David Ball has written excellent books about trial and his last book David Ball on Damages is particularly helpful. He has captured some basic truth’s about communication involving today’s jury panels. One of his principles is that a trial is what you spend time talking about. Juror’s assume that what you devote time to is important to the case. That means that while liability is obviously critical, the case should be about harm and damages. Dividing time between liability and damages is a significant part of the trial.
One must also have a simple story. Trial lawyers should not try to treat every defense with equal time and attention. In fact, some defenses should be ignored. Arguing about any defense makes the issue important. Disputes about issues created by the defendant leads to only one thing: confusion. Confusion leads to only one thing: A defense verdict. Given the subconscious existing attitudes about defensive attribution and thinking like a "super parent" giving undue attention to an issue raised by the defense plays directly into a defense verdict attitude.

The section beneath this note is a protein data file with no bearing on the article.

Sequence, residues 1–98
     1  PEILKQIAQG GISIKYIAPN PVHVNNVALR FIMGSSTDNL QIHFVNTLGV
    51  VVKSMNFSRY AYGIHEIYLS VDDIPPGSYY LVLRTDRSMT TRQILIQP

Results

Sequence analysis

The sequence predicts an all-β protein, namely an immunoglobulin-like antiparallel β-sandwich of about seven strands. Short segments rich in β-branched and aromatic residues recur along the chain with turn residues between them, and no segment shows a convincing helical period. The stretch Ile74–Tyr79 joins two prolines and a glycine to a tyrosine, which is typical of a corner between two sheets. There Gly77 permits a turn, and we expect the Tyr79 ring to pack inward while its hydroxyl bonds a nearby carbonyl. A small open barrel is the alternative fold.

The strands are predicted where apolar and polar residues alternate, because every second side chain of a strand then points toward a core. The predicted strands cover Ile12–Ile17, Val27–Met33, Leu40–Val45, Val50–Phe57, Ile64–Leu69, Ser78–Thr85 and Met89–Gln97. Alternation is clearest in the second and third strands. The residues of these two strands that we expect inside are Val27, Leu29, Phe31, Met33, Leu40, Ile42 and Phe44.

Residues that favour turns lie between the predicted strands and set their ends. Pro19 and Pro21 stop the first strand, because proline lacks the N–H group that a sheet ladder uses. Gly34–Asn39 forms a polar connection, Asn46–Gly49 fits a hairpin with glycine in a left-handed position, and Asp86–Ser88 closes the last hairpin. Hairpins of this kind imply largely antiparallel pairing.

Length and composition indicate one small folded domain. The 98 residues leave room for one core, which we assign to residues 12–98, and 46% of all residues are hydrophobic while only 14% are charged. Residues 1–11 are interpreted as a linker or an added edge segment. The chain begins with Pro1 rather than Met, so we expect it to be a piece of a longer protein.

One should focus on the main plaintiff theme, issue and story. The more you show concern about a defense issue, the more you fight and argue over it, the more you increase the odds of a defense verdict. Remember, your case is about a simple violation of a rules, unnecessary injury and harm resulting from it.